Next to Miller at left guard will be 6-1, 286-pound junior David Wang . He was just beginning to get acclimated in 2011 when a broken foot in Week 2 ended his season. While not very big, he’s a real scrapper, the kind of run blocker who gives maximum effort at all times, and won’t finish his block until the play is whistled dead.
The Hokies went the free agent route to land a right guard, getting sophomore Brent Benedict from Georgia. A dispute with the philosophies of new strength and conditioning coach Joe Tereshinski marked the beginning of the end for Benedict in Athens. Lucky Hokies. The 6-5, 311-pounder from Jacksonville, Fla. was a four-star recruit two years ago. While he hasn’t played since suffering a serious knee injury during his senior year of high school, he impressed the Tech staff as a scout team member a year ago with his intensity and drive blocking skills.
It looks as if the vital task of protecting the quarterback’s backside will belong to 6-6, 328-pound senior Nick Becton . The part-time starter, who was in on more than 450 offensive snaps in 2011, has the size, strength and arm length to blossom into an ideal protector of the pocket. He has yet to put it all together in Blacksburg, leaving the staff and fans hopeful that this is the year that he dominates on a weekly basis.
The other half of Tech’s imposing tackle tandem is 6-6, 304-pound senior Vinston Painter . While he certainly looks the part, and has been in the program for a long time, it hasn’t translated to the field. He only played a handful of snaps in 2011, failing to have an impact on the offense. Painter is an outstanding physical specimen, from his size and strength to his quickness, but still must prove that he’s an effective all-around blocker.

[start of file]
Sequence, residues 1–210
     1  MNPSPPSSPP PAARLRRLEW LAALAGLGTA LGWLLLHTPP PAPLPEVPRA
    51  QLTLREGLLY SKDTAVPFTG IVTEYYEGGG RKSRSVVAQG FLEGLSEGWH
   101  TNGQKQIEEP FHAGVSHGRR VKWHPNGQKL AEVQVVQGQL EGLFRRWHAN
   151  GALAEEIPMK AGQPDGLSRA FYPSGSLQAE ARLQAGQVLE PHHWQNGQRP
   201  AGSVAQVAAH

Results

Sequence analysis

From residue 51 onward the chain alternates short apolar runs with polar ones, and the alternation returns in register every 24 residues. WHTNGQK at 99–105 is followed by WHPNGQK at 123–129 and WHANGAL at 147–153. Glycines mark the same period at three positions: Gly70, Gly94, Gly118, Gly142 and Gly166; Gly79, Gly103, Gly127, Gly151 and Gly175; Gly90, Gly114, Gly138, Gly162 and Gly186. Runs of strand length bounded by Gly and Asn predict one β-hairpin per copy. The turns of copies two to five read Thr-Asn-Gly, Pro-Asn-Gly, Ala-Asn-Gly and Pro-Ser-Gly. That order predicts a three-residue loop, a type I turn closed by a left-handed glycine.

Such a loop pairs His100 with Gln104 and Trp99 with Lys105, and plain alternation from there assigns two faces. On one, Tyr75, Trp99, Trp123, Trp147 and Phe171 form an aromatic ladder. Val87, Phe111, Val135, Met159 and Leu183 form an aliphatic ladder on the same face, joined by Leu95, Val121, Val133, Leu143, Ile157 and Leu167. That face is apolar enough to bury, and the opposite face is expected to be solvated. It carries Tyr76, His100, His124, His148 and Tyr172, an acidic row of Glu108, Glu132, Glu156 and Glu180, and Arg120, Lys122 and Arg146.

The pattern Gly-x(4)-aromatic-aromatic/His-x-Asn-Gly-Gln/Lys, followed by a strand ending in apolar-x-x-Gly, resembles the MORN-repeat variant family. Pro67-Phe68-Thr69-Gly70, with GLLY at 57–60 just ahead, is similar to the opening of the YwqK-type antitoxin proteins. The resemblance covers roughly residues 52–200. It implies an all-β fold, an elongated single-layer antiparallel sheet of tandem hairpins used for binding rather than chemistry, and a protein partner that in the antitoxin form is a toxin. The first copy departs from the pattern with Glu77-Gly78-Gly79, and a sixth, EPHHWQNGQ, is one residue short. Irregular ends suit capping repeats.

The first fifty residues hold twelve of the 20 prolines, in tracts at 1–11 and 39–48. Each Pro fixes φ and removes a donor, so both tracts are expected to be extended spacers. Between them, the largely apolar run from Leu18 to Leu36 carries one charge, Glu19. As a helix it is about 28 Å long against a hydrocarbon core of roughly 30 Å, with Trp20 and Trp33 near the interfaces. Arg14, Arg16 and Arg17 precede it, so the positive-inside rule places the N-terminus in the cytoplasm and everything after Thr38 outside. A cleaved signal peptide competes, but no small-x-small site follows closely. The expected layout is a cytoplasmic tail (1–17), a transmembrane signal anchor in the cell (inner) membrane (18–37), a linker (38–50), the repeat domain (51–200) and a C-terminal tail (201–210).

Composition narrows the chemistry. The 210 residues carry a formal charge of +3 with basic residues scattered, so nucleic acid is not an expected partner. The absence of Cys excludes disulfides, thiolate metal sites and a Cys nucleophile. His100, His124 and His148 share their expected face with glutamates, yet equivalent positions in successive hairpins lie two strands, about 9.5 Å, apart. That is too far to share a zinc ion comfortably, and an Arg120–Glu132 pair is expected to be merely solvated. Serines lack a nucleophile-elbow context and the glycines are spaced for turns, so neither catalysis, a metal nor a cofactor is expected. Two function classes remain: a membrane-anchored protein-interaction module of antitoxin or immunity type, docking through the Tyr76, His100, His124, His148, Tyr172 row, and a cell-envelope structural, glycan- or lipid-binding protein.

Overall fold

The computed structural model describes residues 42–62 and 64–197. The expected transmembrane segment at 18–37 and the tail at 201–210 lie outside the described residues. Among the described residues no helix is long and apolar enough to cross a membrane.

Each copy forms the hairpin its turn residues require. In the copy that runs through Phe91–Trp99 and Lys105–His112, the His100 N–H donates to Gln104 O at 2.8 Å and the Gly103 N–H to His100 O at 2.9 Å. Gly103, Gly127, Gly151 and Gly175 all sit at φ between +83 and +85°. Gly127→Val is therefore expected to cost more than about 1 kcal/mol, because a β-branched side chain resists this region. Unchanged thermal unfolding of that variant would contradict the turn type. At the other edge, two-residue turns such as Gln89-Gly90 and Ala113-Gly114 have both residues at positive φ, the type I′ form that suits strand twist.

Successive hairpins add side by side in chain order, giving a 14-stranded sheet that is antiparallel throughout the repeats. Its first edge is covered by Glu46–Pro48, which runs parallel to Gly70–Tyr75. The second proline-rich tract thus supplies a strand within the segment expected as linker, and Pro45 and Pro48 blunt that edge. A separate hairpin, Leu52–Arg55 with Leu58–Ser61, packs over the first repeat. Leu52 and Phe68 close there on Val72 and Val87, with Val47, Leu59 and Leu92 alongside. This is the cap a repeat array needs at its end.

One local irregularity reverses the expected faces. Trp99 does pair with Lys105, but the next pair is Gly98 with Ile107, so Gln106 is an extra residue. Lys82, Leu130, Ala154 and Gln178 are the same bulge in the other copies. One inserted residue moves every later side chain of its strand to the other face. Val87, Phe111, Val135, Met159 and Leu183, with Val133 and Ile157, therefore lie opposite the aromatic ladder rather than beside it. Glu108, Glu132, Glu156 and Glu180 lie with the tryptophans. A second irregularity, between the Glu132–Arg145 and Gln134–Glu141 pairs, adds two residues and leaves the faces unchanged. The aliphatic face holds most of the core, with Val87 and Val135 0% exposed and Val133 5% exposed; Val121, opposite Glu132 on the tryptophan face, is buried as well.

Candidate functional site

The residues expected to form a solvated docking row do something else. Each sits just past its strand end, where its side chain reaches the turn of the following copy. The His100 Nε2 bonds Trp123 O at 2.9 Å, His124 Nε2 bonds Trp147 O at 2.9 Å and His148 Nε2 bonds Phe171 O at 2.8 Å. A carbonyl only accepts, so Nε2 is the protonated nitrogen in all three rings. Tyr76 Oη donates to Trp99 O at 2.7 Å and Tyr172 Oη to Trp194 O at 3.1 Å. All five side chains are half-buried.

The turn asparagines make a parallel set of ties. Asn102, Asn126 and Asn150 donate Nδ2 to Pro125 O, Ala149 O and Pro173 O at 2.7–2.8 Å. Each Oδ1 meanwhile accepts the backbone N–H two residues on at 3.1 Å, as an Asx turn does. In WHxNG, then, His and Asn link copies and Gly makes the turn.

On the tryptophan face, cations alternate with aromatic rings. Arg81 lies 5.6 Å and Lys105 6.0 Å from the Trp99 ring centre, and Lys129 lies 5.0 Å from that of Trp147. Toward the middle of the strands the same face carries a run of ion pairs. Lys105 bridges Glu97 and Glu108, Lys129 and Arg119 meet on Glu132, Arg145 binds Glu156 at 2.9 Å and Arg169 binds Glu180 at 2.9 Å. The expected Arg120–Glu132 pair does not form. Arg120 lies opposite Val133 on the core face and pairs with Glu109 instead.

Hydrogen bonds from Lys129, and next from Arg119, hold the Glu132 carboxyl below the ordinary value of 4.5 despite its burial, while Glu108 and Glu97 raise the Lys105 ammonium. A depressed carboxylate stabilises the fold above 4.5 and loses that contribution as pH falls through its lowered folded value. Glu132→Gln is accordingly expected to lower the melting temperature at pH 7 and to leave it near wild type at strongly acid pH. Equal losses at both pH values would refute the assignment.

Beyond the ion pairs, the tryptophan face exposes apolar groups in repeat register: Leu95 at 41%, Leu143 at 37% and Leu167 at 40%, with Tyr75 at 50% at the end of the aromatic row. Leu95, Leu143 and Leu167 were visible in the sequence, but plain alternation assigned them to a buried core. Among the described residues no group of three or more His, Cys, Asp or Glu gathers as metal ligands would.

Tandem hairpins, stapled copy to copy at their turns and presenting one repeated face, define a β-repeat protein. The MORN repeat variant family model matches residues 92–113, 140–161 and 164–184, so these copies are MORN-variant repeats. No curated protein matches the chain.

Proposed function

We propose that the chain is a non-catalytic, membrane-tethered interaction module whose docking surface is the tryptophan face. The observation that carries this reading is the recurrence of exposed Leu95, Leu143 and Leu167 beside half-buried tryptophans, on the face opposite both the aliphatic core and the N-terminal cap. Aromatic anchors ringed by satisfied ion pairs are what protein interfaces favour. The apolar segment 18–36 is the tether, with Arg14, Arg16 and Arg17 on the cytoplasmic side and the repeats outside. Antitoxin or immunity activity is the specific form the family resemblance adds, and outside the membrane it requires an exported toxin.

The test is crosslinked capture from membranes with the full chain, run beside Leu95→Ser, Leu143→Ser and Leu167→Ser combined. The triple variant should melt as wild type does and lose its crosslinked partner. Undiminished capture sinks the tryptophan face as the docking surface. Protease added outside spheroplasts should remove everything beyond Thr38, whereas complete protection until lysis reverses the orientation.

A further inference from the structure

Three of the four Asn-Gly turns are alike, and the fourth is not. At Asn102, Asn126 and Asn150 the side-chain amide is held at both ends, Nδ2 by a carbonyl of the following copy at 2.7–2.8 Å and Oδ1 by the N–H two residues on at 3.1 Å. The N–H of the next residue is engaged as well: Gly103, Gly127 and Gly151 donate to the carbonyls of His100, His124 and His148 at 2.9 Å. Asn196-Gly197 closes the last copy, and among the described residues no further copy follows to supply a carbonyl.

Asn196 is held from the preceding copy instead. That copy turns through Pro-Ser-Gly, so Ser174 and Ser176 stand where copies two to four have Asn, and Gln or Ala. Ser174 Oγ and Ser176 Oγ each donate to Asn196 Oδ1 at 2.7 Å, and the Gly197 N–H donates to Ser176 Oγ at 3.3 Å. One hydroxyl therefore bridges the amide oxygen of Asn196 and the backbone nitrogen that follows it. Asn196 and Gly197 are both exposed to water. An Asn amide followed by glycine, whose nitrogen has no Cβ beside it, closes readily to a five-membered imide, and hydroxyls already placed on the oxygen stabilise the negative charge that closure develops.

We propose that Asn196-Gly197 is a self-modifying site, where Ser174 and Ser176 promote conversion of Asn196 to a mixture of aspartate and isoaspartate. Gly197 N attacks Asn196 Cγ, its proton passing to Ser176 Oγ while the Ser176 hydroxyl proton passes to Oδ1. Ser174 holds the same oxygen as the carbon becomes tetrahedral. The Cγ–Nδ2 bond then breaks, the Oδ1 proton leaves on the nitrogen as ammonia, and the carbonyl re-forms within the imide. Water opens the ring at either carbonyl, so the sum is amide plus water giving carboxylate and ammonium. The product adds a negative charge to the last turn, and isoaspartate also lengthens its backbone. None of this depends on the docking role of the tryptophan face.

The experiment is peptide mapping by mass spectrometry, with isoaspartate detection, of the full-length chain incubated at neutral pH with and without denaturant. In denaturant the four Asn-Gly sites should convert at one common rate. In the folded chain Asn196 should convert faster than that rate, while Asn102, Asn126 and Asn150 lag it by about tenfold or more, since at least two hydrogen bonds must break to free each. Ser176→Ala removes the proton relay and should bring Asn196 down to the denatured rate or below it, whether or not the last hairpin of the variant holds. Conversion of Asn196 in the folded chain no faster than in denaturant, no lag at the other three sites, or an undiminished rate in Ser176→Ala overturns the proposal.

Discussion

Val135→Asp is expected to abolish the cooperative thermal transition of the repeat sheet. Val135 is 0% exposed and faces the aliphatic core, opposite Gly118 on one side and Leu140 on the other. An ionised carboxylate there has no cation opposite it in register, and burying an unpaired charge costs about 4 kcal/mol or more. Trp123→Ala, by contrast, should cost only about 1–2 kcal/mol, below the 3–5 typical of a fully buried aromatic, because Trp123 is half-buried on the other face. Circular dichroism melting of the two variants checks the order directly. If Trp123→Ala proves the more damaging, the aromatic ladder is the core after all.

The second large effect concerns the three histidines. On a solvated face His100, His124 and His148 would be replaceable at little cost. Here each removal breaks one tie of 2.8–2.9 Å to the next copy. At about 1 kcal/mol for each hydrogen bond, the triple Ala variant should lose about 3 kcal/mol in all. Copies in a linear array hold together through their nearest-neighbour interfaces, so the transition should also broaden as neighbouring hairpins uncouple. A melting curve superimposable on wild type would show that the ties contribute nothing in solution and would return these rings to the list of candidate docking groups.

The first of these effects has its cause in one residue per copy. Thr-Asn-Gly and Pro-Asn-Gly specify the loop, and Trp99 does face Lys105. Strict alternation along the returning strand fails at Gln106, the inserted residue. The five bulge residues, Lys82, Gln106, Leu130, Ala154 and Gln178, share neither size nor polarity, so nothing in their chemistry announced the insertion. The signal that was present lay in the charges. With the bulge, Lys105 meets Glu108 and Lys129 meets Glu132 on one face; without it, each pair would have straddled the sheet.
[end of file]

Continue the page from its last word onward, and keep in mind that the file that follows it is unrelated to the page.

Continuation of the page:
Watch Out For .... the Hokies to gel surprisingly well as the season progresses. While the lineup has a very different look than it did for January’s Sugar Bowl, Virginia Tech is fortunate that so many veterans, like Becton and Painter, were seasoned players coming off the bench. Plus, Miller is on his way to becoming one of the ACC’s better centers, and the addition of Benedict could not have come at a better time.
Strength: Run blocking. For many years, this has been the strongest component of the Virginia Tech O-line. The Hokies are typically physical, blue-collar and very difficult to beat in a phone booth, paving the way for a running game that has ranked no lower than 28th nationally in rushing. This will be a big unit, with the physicality and nastiness to move the pile in short yardage.
Weakness: Depth. The starting five may come together just fine, but what happens if someone is injured? The Hokies are in no position to withstand the loss of any of their regulars. The backups are painfully young, inexperienced and a year away from being able to handle a spot in the regular rotation. The staff has got to get the reserves ready in the event of an emergency, while hoping that durability is not an issue in 2012.
Outlook: This is going to be an unavoidable transition year for the offensive line, which will hold the key to the attack’s fortunes in the fall. There are enough veterans with potential, such Becton and Painter, surrounding Miller in the middle to feel optimistic about the rebuilt group’s potential. However, a lack of depth will be an ongoing worry that the staff hopes it doesn’t have to address this season.